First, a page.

I think I need a personal day from my shopping excursion at Modern Vintage Chicago this weekend. I'm like a little kid who completely wore herself out at Disney's Magic Kingdom and now I need a juice box and a nap. And a bigger credit card limit.
There was a lot to take in. The women who managed the event did an excellent job getting people excited about vintage; producer Sally Schwartz chatted up guests and had her daughter showing off vintage prom duds, fashion director Nena Ivon changed in and out of the vendors' wares and got shoppers buzzing about whichever necklace she was wearing, and publicist Jada Russell was making more introductions than a speed-dating host. And that's just the people...
I could have spent the entire day pilfering through the vintage booths. Oh wait, I did spend the entire day. I was dog-tired and hallucinating by the end of it, but with one special difference from my usual vintage safaris: I wasn't hunting to find some hidden gems, I couldn't stop hunting because there were too many.
Which is exactly what Modern Vintage is aiming for. As fashion director of MVC, Ivon will be helping the vendors fine-tune their businesses and cultivate sellers that consistently bring both vintage couture classics and unique, quality finds to the markets. By seeking out the best of the best resale vendors, MVC is virtually creating the Barney's of vintage. Louis Vuitton travel trunks, Kelly bags, and Chanel suits were par for the course here, along with gobs of label-less -- but finely made -- items. With all of these high-end dealers, you might not find that inappropriately cheap vintage gem from a clueless shopkeeper, but you can bet what your money does buy is the highest quality.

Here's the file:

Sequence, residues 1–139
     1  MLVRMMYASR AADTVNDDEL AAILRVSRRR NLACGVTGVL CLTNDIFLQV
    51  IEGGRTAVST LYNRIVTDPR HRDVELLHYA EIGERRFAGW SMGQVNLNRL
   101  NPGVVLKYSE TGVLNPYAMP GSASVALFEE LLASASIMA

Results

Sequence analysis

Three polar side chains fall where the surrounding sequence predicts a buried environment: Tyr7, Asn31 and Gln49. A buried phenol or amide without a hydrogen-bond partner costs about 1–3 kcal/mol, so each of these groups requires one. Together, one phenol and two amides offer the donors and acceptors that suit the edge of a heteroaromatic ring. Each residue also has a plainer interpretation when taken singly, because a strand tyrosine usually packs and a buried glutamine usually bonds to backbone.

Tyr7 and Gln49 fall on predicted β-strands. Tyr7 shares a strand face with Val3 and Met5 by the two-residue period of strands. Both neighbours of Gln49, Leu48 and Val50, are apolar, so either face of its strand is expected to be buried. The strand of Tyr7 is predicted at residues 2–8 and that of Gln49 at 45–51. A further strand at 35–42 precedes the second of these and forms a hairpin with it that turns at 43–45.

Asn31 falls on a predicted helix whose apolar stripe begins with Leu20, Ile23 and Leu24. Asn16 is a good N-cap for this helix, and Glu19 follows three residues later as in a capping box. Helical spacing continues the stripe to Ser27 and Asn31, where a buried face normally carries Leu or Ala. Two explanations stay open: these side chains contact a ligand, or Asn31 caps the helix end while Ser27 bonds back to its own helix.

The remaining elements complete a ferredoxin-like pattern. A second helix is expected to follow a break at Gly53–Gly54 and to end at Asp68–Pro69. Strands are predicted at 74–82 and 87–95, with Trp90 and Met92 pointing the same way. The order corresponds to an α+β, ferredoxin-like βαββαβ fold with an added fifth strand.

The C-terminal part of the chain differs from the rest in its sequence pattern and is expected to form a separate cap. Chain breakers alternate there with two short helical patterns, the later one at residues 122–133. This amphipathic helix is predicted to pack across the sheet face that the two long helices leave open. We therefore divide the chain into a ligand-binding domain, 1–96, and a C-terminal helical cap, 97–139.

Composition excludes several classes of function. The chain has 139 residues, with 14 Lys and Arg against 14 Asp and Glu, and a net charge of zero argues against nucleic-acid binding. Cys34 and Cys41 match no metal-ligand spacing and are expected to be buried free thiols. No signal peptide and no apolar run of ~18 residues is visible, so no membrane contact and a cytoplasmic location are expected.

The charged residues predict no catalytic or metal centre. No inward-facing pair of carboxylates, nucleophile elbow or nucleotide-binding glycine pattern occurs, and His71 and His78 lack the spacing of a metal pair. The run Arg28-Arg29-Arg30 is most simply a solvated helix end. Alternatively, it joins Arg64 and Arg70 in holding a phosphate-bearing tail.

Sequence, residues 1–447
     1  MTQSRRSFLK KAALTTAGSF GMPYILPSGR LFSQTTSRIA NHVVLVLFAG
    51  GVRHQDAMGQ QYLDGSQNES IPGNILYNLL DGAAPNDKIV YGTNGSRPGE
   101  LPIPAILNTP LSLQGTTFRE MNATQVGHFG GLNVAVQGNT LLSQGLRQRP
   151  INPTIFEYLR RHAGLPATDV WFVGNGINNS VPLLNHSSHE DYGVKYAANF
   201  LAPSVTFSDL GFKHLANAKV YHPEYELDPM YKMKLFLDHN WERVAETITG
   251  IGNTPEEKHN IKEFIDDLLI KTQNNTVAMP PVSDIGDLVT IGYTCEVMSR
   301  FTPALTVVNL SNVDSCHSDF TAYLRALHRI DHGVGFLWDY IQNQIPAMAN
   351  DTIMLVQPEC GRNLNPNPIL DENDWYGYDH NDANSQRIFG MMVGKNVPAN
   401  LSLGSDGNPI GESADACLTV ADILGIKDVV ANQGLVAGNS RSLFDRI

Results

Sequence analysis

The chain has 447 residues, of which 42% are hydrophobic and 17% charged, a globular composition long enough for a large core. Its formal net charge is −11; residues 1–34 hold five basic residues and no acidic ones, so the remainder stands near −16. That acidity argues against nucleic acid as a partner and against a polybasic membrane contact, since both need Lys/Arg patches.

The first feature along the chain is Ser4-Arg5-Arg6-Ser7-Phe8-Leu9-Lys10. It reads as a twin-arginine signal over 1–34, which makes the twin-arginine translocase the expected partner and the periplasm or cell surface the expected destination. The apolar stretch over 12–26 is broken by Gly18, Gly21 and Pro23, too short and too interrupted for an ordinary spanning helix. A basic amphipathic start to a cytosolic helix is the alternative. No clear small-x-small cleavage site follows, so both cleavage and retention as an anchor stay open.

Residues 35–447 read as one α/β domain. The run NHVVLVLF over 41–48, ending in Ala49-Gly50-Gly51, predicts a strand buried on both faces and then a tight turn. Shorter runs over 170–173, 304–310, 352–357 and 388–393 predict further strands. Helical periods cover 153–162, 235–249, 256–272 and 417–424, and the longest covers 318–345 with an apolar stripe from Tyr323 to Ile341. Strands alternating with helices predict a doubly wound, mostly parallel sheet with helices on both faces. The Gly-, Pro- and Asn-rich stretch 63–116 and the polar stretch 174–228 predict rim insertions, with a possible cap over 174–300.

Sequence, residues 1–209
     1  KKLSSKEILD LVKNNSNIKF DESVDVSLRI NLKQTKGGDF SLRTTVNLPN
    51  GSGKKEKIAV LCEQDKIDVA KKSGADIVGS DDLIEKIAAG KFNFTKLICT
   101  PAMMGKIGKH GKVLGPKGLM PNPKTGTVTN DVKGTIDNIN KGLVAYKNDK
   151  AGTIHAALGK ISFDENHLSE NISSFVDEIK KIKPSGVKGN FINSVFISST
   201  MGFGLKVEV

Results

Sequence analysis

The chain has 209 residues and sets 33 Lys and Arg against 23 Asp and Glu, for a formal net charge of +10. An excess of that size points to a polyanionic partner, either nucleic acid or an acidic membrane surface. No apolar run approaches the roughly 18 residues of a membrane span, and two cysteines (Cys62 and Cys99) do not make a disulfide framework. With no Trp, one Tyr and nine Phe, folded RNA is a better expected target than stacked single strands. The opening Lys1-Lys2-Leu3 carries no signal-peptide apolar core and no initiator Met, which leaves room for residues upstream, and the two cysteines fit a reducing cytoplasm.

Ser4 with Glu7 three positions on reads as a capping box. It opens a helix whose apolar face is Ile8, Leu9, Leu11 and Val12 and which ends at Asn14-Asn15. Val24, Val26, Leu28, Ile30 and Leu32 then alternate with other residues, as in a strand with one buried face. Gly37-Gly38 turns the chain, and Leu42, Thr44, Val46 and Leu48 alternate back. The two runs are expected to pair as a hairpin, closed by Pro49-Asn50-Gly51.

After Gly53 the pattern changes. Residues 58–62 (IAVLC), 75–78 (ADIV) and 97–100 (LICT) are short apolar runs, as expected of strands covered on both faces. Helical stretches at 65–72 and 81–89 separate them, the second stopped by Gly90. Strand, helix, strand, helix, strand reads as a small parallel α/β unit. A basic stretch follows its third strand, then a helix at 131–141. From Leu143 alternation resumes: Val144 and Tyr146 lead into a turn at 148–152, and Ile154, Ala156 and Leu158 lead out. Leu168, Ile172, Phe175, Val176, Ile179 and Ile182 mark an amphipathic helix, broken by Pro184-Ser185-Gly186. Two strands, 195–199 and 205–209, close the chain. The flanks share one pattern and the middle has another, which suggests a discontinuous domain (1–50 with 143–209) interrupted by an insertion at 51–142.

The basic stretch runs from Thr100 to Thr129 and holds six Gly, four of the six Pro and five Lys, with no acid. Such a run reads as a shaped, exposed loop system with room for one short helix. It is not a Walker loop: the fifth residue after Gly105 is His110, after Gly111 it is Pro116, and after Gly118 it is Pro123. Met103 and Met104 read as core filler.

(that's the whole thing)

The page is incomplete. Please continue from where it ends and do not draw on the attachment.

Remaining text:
Each vendor had something different to offer, the most valuable item probably being a mental encyclopaedia of their particular specialty. A sunglasses vendor informed me all about the history of Ray-Bans, while Antiques Roadshow regular Caroline Ashleigh could pretty much reference every shoe ever made. Even the shoppers were professionals. Ivon's good friend Mary Schlax could talk vintage jewelry like a pro and had the necklace inventory to prove it.
I myself found some items to take home, including some 1980s shades, a Dobbs straw porkpie hat and a Tahitian blouse for $5. I was almost over the edge on a clutch made of colorful telephone cord, but I managed to cage the merchandise beast. She can be quite the ornery creature.
Another point to note was the pomp and circumstance at the event that an ordinary vintage shop lacked. Models swanned around in styled ensembles, mimosas and Bloody Marys made the rounds, while vintage seller and vintage-inspired designer Silver Moon presented their creations from an upper balcony. While not crowded, the event was a swirl of activity.
Thus, I found myself that afternoon deliriously hanging to the Route 8 CTA sign, praying that I didn't fall into the Halsted traffic before the bus arrived. It's a good thing the next Modern Vintage market isn't until October. I need the time to rest.